Ravens fever starts its spread in lead-up to Super Bowl

Chris "C-Dog" Dressel of Parkville, a Ravens rapper, left, high-fives store manager Kenny Yates at The Ravens Zone.
Chris "C-Dog" Dressel of Parkville, a Ravens rapper, left, high-fives store manager Kenny Yates at The Ravens Zone. (Amy Davis, Baltimore Sun)

Baltimore is coming down with a case of Ravens fever, known to cause purple vision and unbridled joy. And the cure is still almost two weeks away.

In the meantime, area florists are ordering extra purple flowers. Babies will be swaddled in purple blankets, and adults in freshly printed commemorative T-shirts and Ray Lewis jerseys. Pep rallies are being planned, including one at Saturday's Polar Bear Plunge that will feature the Ravens cheerleading squad and marching band.

And what will Ravens die-hards eat but a $250 gold, purple and black cake?

The team's unexpected run to the Super Bowl has created problems for some but opportunities for others as fans prepare for the Feb. 3 game.

"We know there are going to be Super Bowl parties all over the city. We want to be prepared for when they happen," said Eddie Wingrat, owner of Owings Mills florist Flowers & Fancies, which has asked growers in South America to send all the purple orchids, roses and tulips they can. "It's a celebratory city for sure."

The purple passion will even spread to infants. At the University of Maryland St. Joseph Medical Center in Towson, newborns in the neonatal intensive care unit will don caps, booties and onesies that have been dyed purple. Nurses did the same a year ago during the team's run to the AFC championship game, and they might have started it earlier this year, said hospital spokeswoman Maryann Hodes, were it not for the difficulty of finding the purple dye.

Organizers of the Maryland State Police Polar Bear Plunge, which sends 12,000 people into the chilly waters of the Chesapeake Bay for charity each year, have always considered the possibility of the event coinciding with a Ravens Super Bowl. So officials plan the fundraiser for the last Saturday before Super Bowl weekend just in case, said Special Olympics Maryland spokeswoman Linda Ellingsworth.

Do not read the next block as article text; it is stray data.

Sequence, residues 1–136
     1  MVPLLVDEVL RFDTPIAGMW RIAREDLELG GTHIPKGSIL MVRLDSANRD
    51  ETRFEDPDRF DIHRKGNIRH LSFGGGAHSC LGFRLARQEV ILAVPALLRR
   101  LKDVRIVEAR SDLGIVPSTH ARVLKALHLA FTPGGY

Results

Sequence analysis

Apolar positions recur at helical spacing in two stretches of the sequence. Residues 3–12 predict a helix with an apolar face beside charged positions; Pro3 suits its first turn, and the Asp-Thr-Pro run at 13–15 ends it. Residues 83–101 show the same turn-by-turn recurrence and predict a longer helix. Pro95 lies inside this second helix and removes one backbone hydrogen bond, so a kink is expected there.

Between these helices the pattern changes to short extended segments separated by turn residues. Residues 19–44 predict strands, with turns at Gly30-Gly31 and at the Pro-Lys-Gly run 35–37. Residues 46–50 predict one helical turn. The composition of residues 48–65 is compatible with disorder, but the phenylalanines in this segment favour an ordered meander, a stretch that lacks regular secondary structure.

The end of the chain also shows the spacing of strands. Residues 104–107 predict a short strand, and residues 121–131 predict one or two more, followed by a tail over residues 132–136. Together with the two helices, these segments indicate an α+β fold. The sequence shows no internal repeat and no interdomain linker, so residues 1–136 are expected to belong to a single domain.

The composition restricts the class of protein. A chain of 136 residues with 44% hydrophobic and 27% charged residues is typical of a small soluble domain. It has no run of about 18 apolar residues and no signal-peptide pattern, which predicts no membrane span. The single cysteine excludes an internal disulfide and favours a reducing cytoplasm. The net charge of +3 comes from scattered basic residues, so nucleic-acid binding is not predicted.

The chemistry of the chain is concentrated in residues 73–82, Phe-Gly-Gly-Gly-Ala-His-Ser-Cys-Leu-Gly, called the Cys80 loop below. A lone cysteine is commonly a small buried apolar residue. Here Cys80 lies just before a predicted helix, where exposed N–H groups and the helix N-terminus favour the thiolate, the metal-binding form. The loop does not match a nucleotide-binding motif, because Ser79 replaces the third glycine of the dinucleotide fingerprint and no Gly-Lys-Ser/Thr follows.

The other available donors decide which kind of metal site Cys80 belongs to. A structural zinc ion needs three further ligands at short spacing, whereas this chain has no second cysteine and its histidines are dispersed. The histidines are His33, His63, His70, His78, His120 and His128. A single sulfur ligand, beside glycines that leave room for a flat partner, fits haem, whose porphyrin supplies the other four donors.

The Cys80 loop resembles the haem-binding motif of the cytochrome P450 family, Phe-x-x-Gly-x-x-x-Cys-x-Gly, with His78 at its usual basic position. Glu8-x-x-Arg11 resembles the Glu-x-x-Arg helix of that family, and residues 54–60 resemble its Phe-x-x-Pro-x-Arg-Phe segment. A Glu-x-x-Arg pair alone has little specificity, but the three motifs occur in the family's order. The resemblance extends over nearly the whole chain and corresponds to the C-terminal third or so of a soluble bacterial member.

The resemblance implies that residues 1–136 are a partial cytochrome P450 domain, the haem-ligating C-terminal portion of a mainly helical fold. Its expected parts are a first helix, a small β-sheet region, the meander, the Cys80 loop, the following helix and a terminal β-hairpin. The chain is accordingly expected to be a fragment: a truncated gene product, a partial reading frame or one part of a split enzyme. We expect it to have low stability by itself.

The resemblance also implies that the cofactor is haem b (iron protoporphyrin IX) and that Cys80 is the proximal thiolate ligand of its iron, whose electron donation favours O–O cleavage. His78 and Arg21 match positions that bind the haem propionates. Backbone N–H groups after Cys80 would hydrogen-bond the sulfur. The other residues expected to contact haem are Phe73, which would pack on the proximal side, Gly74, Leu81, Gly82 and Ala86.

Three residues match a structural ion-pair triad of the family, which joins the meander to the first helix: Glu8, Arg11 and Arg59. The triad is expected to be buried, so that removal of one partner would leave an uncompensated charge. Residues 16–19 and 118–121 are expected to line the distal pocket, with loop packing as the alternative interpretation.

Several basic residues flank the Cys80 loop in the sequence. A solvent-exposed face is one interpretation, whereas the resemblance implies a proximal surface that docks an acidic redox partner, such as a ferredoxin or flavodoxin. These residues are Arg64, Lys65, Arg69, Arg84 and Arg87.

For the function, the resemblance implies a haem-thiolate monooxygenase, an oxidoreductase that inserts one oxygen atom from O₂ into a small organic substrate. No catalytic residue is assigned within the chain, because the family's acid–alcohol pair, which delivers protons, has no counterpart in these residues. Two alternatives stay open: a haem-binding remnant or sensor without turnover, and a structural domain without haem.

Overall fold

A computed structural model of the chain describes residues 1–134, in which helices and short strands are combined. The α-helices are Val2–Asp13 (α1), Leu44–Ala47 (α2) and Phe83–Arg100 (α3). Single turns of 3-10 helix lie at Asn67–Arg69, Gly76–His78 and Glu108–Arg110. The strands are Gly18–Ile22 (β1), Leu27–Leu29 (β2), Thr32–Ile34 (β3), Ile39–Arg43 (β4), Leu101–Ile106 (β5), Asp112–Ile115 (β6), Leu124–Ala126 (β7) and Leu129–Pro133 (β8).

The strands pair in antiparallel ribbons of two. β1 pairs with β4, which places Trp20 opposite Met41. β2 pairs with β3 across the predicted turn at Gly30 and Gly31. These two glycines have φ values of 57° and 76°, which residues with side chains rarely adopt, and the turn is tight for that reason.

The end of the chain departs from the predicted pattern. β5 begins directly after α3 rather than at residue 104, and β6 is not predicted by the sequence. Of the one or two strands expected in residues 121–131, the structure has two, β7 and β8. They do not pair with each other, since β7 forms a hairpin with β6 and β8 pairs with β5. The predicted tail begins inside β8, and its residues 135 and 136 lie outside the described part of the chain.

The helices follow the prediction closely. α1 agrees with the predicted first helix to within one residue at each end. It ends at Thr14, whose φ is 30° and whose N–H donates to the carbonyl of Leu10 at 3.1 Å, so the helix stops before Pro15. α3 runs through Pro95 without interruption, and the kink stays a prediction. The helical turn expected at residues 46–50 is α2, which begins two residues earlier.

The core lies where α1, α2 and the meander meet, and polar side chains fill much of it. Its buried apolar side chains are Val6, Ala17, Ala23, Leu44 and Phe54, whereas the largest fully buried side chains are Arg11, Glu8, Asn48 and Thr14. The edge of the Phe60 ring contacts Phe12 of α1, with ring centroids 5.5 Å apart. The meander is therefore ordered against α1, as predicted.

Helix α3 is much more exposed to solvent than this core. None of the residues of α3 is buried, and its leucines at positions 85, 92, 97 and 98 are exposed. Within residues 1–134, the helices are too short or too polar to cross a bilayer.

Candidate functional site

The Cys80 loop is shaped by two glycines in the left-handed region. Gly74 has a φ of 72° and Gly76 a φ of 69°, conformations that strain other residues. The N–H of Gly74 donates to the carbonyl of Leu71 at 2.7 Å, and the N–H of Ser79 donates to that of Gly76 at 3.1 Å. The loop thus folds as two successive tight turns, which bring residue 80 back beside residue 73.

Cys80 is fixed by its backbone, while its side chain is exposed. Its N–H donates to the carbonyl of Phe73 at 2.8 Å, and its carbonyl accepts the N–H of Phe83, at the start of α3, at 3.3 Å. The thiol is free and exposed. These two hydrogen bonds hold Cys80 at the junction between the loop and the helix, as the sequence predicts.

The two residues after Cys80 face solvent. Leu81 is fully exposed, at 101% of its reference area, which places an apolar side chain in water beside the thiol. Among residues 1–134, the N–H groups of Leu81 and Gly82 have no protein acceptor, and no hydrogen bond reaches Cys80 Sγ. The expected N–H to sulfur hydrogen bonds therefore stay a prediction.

Because the Ravens remain in the hunt for a second Super Bowl title, quarterback Joe Flacco, a one-time event co-chairman, and defensive tackle Haloti Ngata will miss the event for a practice. But organizers found what they hope will be a popular solution — turning the annual fundraiser into a "Purple Passion Pep-Party."

The team's "Purple Caravan," which includes the cheerleaders, band and possibly mascot Poe, will pump up the crowd at Sandy Point State Park.

"It's a great opportunity for us to turn the event into a huge pep rally for them," Ellingsworth said. "We're showing support for them for supporting us."

Organizers hope those who are "totally pumped up on the Ravens' success" will join the event, she said.

Some fans streamed Tuesday to stores like the Raven Zone, a specialty shop in Parkville that sells all things related to Baltimore sports. Debbie Ridgely had driven from Frederick with daughters Delanie, 13, and Ashley, 11, who was excited to grab the last Anquan Boldin jersey in her size.